SNTP time class
Written by Harry Fairhead   
Wednesday, 10 March 2010
Article Index
SNTP time class
Time commands
The SNTP Class
Getting the Time

The time commands

The first 32-bit word of the packet is an information and command word and from the specification it seems to be the only part of the structure you need to set before sending the request.

command
The first word

Most of the other fields are for return data. The first byte is most important. The first two bits carry leap second information and can mostly be ignored.

LI
00 0 no warning
01 1 last minute has 61 seconds
10 2 last minute has 59 seconds)
11 3 alarm condition (clock not synchronized)

The next thee bits specify the SNTP version and should be set to 1 by a client so that the request will be processed by almost any server.

The final three bits specify what should happen, i.e. the state or Mode:

Mode

0 reserved
1 symmetric active
2 symmetric passive
3 client
4 server
5 broadcast
6 reserved for NTP control message
7 reserved for private use

Mode should be set to 3 for a client request and the server will set it to 4 in the response packet.

The remaining three bytes provide information on the server's time keeper. Stratum gives the level of time precision:

Stratum

0 unspecified or unavailable
1 primary reference (e.g., radio clock)
2-255 secondary reference (via NTP or SNTP)

Poll gives the minimum time between packets that the server can send. This is a signed integer giving the power nearest power of 2 in seconds. For example a value of 0 indicates 1 second, a value of 1 indicates 4 seconds, -1 indicates 1/2 second and so on.

Precision is an eight-bit signed integer giving the clock's precision again as a power of 2 in seconds.

The following three words give the root delay, i.e. the round trip delay to the server's primary time source; the root dispersion, i.e. the relative error of the server's time against the primary time source. Both of these are fixed point signed values with the binary point between bits 15 and 16.

Reference identifier, i.e. a four-byte ASCII code specifying the type of clock used as the standard.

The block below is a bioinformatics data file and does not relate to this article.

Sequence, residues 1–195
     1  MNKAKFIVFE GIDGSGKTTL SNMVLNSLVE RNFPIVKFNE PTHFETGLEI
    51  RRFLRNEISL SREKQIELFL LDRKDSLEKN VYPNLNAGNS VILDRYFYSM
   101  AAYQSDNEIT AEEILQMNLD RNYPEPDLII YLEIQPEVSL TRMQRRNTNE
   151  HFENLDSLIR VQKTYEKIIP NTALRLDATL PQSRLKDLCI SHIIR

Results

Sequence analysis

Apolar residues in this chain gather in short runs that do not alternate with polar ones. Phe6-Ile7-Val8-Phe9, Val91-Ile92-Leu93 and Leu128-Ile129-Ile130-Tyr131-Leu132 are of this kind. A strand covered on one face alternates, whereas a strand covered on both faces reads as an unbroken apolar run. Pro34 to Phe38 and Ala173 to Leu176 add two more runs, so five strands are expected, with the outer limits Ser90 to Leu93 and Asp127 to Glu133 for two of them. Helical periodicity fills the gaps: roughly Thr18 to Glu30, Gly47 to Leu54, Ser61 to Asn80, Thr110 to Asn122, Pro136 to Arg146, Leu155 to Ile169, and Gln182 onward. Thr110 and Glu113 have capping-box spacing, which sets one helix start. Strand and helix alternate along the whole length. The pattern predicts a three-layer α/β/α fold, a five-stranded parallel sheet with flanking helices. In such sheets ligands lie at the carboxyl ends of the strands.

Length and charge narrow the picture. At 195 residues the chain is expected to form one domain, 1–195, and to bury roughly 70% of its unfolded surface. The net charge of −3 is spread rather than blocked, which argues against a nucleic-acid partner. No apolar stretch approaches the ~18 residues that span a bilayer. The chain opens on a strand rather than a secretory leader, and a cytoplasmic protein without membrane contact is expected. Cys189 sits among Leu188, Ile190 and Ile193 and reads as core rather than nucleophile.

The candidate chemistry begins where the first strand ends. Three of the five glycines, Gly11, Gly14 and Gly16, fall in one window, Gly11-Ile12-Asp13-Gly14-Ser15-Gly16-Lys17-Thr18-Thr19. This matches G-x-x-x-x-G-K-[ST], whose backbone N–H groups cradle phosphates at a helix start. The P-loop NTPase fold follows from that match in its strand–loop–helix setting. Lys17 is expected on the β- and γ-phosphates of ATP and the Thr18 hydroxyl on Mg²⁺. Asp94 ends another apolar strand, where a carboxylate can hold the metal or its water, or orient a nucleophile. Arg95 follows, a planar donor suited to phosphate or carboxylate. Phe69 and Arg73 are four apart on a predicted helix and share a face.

The only problem with the reference identifier is that it isn't specified in the standard but for stratum 1 servers you can look out for ATOM = atomic clock, PPS= Precision Pulse Source, GPS= Global Positioning Satellite and so on. Radio clocks often quote their radio call sign. For a secondary reference the four bytes are often the TCP/IP address of the primary server.

The time stamps

When you get the time packet back it contains four time stamps – why, when you just want one time i.e. now!

The reason is that the time that you get back in Transmit Time Stamp (TTS) was the time at the server when the packet left the server. It takes time for the packet to reach you and this has to be taken into account.

The Originate Time Stamp (OTS), i.e. the time you sent the request packet and the Receive Time Stamp (RTS), i.e. the time the server received the packet, and time the packet actually arrived can be used to estimate the round trip time and correct the final time to the last few tenths of a millisecond.

In practice you can ignore all of this unless you really are trying for high accuracy. All that matters is the TTS which contains the time as measured at the server when the packet was transmitted – this will be accurate to a few milliseconds unless the conditions on the Internet are so bad that you would be well advised to use an alternative server.

So it looks as if we can ignore all the time stamps in the requesting package and only look at the TTS value in the return package.

The only complication is that in practice servers seem to ignore packets with unreasonable values of OTS in the requesting packet so we have to set this even if we are not going to make use of it.

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Last Updated ( Sunday, 14 March 2010 )
 
 

   
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